Last summer I embarked upon a time-attraction experiment, which I described in a series of posts that started with Tithing Time. I was curious as to whether giving away some of my time would shift my perspective toward seeing time as an abundant resource, with the result of attracting more time. Although I did not in fact have any extra time at the end of the year, I felt more relaxed about my time and considered that to be a positive outcome.

This year, although time hasn’t been a worry, I sometimes feel that my creative energy level isn’t where it should be. So I found myself wondering: If, as a general rule, we get more of what we give, then shouldn’t that rule also apply to creative energy? And how does one go about tithing creative energy anyway? Money and material goods are easily measured, and time isn’t hard to track either, in a world that has lists and schedules for just about everything. Perhaps creativity might be measured by counting output, such as the number of words written; but how would donating a percentage of it work?

Then I realized that I was overthinking it and that the measure was pretty simple after all. When I write something that’s part of my job, I get paid for it. The percentage of creative energy that I tithe consists of other writing that I share freely, in the interest of contributing to a better world. This would include blog posts that uplift and inspire my readers; other materials I donate for publication elsewhere; and comments, emails, and reviews in which I compliment other authors and encourage them to write more. There’s no way of knowing how far such small ripples might spread…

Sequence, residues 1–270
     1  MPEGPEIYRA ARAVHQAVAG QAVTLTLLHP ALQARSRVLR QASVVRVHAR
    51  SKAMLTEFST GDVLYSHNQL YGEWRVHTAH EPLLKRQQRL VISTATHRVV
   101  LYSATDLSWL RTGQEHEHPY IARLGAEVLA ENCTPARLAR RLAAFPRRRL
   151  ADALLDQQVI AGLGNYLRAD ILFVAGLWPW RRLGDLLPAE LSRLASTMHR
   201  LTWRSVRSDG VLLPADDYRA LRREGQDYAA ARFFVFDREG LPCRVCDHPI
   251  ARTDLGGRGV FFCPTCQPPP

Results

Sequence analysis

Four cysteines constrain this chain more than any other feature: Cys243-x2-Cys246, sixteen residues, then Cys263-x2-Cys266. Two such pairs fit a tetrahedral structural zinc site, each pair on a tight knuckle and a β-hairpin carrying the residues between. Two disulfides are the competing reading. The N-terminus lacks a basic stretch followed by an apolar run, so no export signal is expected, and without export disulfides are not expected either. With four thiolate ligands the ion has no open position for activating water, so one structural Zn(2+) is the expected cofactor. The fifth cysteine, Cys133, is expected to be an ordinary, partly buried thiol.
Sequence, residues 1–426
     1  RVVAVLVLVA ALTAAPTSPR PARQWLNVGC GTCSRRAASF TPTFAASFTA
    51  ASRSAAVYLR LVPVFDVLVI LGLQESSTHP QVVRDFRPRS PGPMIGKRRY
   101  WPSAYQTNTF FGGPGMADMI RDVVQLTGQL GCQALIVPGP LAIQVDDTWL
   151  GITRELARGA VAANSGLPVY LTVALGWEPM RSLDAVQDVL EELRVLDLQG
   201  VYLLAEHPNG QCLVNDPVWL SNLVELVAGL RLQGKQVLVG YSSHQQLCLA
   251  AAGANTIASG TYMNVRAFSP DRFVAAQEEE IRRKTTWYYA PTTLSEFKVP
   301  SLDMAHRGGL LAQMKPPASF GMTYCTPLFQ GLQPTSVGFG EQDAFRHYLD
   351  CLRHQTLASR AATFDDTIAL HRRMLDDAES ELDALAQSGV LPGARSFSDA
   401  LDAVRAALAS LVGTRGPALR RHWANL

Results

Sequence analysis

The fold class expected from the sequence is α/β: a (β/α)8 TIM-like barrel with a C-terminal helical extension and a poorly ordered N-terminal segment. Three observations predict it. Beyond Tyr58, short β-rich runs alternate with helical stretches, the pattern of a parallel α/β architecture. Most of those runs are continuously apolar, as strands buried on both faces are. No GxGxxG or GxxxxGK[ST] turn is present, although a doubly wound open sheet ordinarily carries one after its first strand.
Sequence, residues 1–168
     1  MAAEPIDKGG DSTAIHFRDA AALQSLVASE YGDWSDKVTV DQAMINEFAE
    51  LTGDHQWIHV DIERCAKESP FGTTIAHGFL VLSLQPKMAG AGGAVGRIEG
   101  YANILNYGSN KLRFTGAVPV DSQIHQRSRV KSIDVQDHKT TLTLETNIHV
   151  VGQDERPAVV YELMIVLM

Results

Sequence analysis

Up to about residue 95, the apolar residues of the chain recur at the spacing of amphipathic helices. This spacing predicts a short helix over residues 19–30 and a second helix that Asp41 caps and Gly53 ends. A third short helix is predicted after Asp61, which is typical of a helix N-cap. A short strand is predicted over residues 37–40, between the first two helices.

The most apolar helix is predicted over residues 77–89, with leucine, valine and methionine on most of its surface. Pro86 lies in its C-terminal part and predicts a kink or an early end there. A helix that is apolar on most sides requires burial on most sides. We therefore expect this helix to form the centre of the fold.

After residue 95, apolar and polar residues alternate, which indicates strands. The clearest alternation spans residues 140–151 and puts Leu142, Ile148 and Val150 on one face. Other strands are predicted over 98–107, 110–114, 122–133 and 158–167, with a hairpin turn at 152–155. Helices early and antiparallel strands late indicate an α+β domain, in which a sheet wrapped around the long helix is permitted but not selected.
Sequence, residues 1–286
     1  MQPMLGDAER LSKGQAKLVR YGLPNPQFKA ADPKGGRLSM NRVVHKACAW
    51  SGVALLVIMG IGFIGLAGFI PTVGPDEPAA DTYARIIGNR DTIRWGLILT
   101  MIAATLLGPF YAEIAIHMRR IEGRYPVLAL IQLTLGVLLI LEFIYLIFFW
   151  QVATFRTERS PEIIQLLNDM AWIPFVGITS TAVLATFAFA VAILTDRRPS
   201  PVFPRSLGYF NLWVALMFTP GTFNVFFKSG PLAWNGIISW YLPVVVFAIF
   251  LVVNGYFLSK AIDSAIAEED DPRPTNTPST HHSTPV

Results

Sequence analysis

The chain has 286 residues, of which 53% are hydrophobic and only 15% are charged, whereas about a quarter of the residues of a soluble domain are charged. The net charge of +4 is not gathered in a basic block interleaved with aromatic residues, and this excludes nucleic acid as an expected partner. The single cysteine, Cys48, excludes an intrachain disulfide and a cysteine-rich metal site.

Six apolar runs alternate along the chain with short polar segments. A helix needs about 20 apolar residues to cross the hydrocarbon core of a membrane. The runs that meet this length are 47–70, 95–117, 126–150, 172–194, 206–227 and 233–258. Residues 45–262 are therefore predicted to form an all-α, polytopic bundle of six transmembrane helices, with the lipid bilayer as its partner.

Brown leaf on water with ripples and cloud reflections.

(Creative Commons image via flickr)
 

When I set aside more time last year for reading positive blogs and leaving encouraging comments for their authors, my creative output did in fact increase. I went from writing occasional blog entries a few times a month to posting three days a week regularly. I also have more readers who like and comment on my posts. So, if I still feel that my creativity is not where it ought to be, that’s not because I actually have less of it. On the contrary, it’s because I have been doing more, which has given me higher expectations. All those ideas for creative projects that piled up over the years, without really going anywhere, now feel as if they’re within reach. That leaves me feeling impatient to get on with them.

Rather than being impatient, I just need to keep on with what I’ve been doing—that is, writing my regular posts and commenting on other blogs, while gradually moving the larger projects forward too. Those ripples are moving in the right direction!

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